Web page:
This is a time with the many challenges facing Israel that American Jewish support for the Jewish state is more important than ever. Among those challenges are the Iranian nuclear program, the pressures of Israeli-Palestinian negotiations, the ever-present delegitimization and boycott campaigns against Israel, and the radicalization, violence and instability in the region.
The last thing that is needed in this difficult environment is more divisive actions by Israel’s Chief Rabbinate to further alienate many American Jews from Israel.
It has long been noted that Conservative and Reform Jews in America have had issues with Israel because of the Chief Rabbinate’s attitude toward and exercise of power to restrict those movements in Israel. It is a credit to both groups that they have not allowed their understandable resentment of their second-class status to diminish their commitment to Israel or deflect their support for Israel’s security. Still, one should not be complacent about this for the future.
Now, rather than seeking ways to ameliorate concerns of millions of American Jews, the Chief Rabbinate has taken steps which threaten to expand, rather than narrow, the divide between Israel and American Jews.
In what should have been a routine matter of an American Orthodox rabbi, Avi Weiss, affirming the Jewishness of a couple seeking to marry in Israel, the Chief Rabbinate has challenged it by questioning the Orthodox bona fides of Rabbi Weiss.
This questioning of the status of an Orthodox rabbi is disturbing on its own. Even more disturbing are indications that this is part of a developing trend, as reports are emerging that there are as many as nine other long-established Orthodox rabbis who may be treated the same way as Rabbi Weiss.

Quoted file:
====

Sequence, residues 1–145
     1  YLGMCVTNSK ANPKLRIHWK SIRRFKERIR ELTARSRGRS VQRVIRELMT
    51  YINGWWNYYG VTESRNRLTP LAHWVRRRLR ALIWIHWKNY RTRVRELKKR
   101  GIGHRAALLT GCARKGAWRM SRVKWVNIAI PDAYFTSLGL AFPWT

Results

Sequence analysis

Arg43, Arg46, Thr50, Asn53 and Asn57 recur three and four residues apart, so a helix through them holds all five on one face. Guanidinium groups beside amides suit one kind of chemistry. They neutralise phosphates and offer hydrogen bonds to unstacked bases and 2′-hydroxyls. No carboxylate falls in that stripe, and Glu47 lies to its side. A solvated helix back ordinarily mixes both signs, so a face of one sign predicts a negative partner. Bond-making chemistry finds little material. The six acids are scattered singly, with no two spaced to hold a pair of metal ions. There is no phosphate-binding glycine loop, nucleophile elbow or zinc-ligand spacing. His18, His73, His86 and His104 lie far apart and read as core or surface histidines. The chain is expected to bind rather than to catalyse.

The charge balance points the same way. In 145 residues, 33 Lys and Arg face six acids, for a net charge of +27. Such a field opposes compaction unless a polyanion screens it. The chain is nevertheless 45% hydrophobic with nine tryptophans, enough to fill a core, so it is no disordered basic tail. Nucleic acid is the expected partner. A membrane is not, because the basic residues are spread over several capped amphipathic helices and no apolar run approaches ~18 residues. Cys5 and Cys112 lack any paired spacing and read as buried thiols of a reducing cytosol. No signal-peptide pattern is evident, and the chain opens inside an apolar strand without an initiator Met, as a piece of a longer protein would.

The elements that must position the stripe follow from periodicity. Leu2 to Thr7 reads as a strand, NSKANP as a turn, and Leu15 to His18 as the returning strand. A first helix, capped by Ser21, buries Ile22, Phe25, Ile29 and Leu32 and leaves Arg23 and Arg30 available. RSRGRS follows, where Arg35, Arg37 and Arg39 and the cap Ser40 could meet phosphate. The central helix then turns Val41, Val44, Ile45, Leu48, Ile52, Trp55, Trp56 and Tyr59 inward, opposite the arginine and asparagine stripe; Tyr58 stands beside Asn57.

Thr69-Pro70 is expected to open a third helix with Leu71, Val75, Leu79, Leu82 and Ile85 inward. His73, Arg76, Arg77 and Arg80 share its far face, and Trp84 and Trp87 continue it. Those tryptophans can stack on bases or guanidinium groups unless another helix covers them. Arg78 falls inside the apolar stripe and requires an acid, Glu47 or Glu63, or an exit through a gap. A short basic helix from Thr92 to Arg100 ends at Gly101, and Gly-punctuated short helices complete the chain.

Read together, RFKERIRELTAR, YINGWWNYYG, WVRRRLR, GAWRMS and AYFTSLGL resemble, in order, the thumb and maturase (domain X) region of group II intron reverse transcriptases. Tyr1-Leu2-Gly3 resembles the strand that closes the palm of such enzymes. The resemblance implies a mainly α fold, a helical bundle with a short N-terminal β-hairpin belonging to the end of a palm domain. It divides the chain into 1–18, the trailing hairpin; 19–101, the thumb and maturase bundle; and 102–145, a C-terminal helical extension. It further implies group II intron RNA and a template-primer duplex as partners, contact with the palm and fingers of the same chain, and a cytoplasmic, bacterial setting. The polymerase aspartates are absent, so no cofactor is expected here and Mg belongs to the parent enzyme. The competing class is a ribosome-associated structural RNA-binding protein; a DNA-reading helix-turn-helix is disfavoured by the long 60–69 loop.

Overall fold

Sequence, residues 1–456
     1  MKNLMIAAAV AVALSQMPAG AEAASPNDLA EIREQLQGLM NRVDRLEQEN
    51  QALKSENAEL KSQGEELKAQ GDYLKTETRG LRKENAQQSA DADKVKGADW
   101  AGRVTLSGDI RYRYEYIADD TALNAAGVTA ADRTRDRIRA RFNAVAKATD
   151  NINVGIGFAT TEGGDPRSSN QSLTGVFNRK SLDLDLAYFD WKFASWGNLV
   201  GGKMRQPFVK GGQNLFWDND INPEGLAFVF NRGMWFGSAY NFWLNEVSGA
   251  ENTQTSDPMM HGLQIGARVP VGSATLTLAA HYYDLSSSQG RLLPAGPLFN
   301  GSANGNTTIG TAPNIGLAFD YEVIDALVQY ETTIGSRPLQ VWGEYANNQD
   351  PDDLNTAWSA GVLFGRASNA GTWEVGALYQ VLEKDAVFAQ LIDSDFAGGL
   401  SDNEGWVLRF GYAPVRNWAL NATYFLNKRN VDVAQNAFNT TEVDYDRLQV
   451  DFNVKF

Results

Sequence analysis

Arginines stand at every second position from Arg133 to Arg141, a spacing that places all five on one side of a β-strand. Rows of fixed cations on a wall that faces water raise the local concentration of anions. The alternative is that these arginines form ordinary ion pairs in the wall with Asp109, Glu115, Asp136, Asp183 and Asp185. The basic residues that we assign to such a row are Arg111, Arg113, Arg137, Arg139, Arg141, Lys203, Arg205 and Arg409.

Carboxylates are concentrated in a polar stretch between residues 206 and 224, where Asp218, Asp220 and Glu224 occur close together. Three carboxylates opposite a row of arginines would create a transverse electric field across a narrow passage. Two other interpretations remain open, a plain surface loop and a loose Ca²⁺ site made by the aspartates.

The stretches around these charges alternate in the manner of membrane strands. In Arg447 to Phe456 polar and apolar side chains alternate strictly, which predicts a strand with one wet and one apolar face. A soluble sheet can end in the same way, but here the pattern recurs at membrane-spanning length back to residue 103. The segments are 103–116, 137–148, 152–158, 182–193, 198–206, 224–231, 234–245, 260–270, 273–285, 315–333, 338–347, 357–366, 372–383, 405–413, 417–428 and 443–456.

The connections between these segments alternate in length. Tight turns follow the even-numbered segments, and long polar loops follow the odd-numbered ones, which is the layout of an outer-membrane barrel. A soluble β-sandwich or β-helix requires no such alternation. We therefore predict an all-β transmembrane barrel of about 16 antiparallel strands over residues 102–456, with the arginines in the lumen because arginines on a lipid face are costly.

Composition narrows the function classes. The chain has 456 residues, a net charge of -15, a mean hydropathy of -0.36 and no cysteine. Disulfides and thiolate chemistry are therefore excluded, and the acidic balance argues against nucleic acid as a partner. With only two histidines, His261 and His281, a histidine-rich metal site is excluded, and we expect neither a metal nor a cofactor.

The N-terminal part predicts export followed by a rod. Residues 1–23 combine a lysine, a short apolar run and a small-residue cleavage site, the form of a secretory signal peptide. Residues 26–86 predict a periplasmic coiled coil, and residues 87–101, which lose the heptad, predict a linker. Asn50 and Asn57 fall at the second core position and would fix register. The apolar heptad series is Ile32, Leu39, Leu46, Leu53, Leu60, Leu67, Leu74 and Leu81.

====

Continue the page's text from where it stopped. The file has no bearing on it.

The willingness of the Chief Rabbinate to accept unsubstantiated allegations from unnamed rabbinic sources in the U.S. about Rabbi Weiss and others suggests in the strongest ways that the Chief Rabbinate is solely determined to have its narrow view of what it means to be Orthodox prevail over reason, fairness and widely accepted practice.
When these steps are added to the longstanding exclusion of the Reform and Conservative denominations, one must treat with skepticism and disdain the Rabbinate’s claim that they are interested in the unity of the Jewish people. There is nothing which does more to promote disunity between Jews in Israel and elsewhere as the actions of the Chief Rabbinate.
On a fundamental level, the Rabbinate approach threatens to alienate many young Jews from considering a connection to Judaism in whatever form. While there are differences between many Orthodox rabbis and Conservative and Reform rabbis, both are now under attack from the counterproductive policies of the Chief Rabbinate of Israel.
For the sake of religion itself, for the sake of strengthening support of Israel by American Jews, for the sake of trying to attract young Jews to Judaism and Israel, it is time for the Chief Rabbinate to reverse its trend and truly begin a process to unite, rather than divide, the Jewish people.